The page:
Tulasi (Sanskrit:-Surasa) has been used in Ayurveda for its supposed treatment of diseases.[12] Traditionally, tulasi is taken as herbal tea, dried powder, fresh leaf or mixed with ghee.

 
Thai holy basil

Thai cuisineEdit

The leaves of holy basil, known as kaphrao in the Thai language (Thai: กะเพรา), are commonly used in Thai cuisine.[13] Kaphrao should not be confused with horapha (Thai: โหระพา), which is normally known as Thai basil,[13] or with Thai lemon basil (maenglak; Thai: แมงลัก). One dish made with this herb is phat kaphrao (Thai: ผัดกะเพรา) — a stir-fry of Thai holy basil with meats, seafood or, as in khao phat kraphao, with rice.

Insect repellentEdit

For centuries, the dried leaves have been mixed with stored grains to repel insects.[14]

Chemical compositionEdit

Some of the phytochemical constituents of tulsi are oleanolic acid, ursolic acid, rosmarinic acid, eugenol, carvacrol, linalool, β-caryophyllene (about 8%).[15]

Tulsi essential oil consists mostly of eugenol (~70%) β-elemene (~11.0%), β-caryophyllene (~8%) and germacrene (~2%), with the balance being made up of various trace compounds, mostly terpenes.[16]

Genome sequenceEdit

The genome of Tulsi plant has been sequenced and reported as a draft, estimated to be 612 mega bases, with results showing genes for biosynthesis of anthocyanins in Krishna Tulsi, ursolic acid and eugenol in Rama Tulsi.[17]

GalleryEdit

ReferencesEdit

  1. ^ "The Plant List: A Working List of All Plant Species". Retrieved 13 January 2015.
  2. ^ a b Staples, George; Michael S. Kristiansen (1999). Ethnic Culinary Herbs. University of Hawaii Press. p. 73. ISBN 978-0-8248-2094-7.
  3. ^ a b Warrier, P K (1995). Indian Medicinal Plants. Orient Longman. p. 168. ISBN 0-86311-551-9.
  4. ^ Kothari, S. K.; Bhattacharya, A. K.; Ramesh, S.; Garg, S. N.; Khanuja, S.P.S. (November–December 2005). "Volatile Constituents in Oil from Different Plant Parts of Methyl Eugenol-Rich Ocimum tenuiflorum L.f. (syn. O. sanctum L.) Grown in South India". Journal of Essential Oil Research. 17 (6): 656–658. doi:10.1080/10412905.2005.9699025. (Subscription required (help)).
  5. ^ Bast, Felix; Pooja Rani; Devendra Meena (2014). "Chloroplast DNA Phylogeography of Holy Basil (Ocimum tenuiflorum) in Indian Subcontinent". The Scientific World Journal. 70 (3): 277–85. doi:10.1155/2014/847482. PMID 847482.
  6. ^ Lang, E. K.; Rani, Pooja; Meena, Devendra (Mar 1977). "Asymptomatic space-occupying lesions of the kidney: a programmed sequential approach and its impact on quality and cost of health care". South Med J. 70 (3): 277–85. doi:10.1155/2014/847482. PMID 847482.
  7. ^ "Tulsi". Tamilnadu.com. 28 January 2013.
  8. ^ Simoons, pp. 17–18.
  9. ^ Flood, Gavin D. (2001). The Blackwell companion to Hinduism. Wiley-Blackwell. p. 331. ISBN 978-0-631-21535-6.
  10. ^ Wilkins, W.J. (2003). Hindu Mythology. New Delhi: D.K. Printworld (P) Limited. p. 471. ISBN 81-246-0234-4.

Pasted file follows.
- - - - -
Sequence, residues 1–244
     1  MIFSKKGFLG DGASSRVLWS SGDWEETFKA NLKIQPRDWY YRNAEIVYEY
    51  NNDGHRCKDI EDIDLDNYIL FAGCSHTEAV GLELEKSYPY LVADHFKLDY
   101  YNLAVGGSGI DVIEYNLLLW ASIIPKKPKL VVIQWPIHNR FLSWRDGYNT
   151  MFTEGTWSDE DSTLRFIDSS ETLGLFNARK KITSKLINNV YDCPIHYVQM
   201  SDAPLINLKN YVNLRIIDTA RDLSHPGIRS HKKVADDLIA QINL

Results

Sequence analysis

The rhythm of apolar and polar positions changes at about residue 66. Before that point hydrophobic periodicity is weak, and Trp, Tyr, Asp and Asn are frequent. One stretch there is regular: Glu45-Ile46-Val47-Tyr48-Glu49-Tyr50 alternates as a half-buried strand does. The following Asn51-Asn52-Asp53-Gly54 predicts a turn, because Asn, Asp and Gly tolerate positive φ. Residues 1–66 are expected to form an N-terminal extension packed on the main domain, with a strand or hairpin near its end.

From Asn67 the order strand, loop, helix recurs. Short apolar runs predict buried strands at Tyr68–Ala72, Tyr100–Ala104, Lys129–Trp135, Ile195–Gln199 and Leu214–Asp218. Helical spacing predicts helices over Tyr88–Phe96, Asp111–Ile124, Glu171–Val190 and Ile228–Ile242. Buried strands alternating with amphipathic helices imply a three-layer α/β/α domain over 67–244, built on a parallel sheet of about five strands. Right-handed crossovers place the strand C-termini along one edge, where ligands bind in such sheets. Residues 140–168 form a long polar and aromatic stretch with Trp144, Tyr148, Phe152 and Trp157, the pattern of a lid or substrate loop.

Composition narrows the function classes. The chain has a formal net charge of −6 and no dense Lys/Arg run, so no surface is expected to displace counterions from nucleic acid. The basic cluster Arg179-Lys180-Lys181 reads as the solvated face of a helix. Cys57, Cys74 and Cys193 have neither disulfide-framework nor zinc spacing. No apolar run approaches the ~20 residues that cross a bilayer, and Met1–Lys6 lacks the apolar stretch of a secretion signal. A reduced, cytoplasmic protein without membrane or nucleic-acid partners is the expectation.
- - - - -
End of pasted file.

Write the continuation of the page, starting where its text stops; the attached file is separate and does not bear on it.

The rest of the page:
11. ^ Simoons, Frederick J. (1998). Plants of life, plants of death. Univ of Wisconsin Press. pp. 7–40. ISBN 978-0-299-15904-7.
  12. ^ NIIR Board, National Institute of Industrial Research (India) (2004). Compendium of Medicinal Plants. 2004. National Institute of Industrial Research. p. 320. ISBN 978-81-86623-80-0.
  13. ^ a b Gernot Katzer's Spice Pages
  14. ^ Biswas, N. P.; Biswas, A. K. (2005). "Evaluation of some leaf dusts as grain protectant against rice weevil Sitophilus oryzae (Linn.)". Environment and Ecology. 23 (3): 485–488.
  15. ^ Sundaram, R. Shanmuga; Ramanathan, M; Rajesh, R; Satheesh, B; Saravanan, D (2012). "Lc-Ms Quantification of Rosmarinic Acid and Ursolic Acid in Theocimum Sanctumlinn. Leaf Extract (Holy Basil, Tulsi)". Journal of Liquid Chromatography & Related Technologies. 35 (5): 634. doi:10.1080/10826076.2011.606583.
  16. ^ Padalia, Rajendra C.; Verma, Ram S. (2011). "Comparative volatile oil composition of four Ocimum species from northern India". Natural Product Research. 25 (6): 569–575. doi:10.1080/14786419.2010.482936. PMID 21409717.
  17. ^ Upadhyay, Atul K.; Chacko, Anita R.; Gandhimathi, A.; Ghosh, Pritha; Harini, K.; Joseph, Agnel P.; Joshi, Adwait G.; Karpe, Snehal D.; Kaushik, Swati; Kuravadi, Nagesh; Lingu, Chandana S; Mahita, J.; Malarini, Ramya; Malhotra, Sony; Malini, Manoharan; Mathew, Oommen K.; Mutt, Eshita; Naika, Mahantesha; Nitish, Sathyanarayanan; Pasha, Shaik Naseer; Raghavender, Upadhyayula S.; Rajamani, Anantharamanan; Shilpa, S; Shingate, Prashant N.; Singh, Heikham Russiachand; Sukhwal, Anshul; Sunitha, Margaret S.; Sumathi, Manojkumar; Ramaswamy, S.; Gowda, Malali; Sowdhamini, Ramanathan (28 August 2015). "Genome sequencing of herb Tulsi (Ocimum tenuiflorum) unravels key genes behind its strong medicinal properties". BMC Plant Biology. 15 (1): 212. doi:10.1186/s12870-015-0562-x. PMC 4552454. PMID 26315624.

External linksEdit

  Media related to Ocimum tenuiflorum at Wikimedia Commons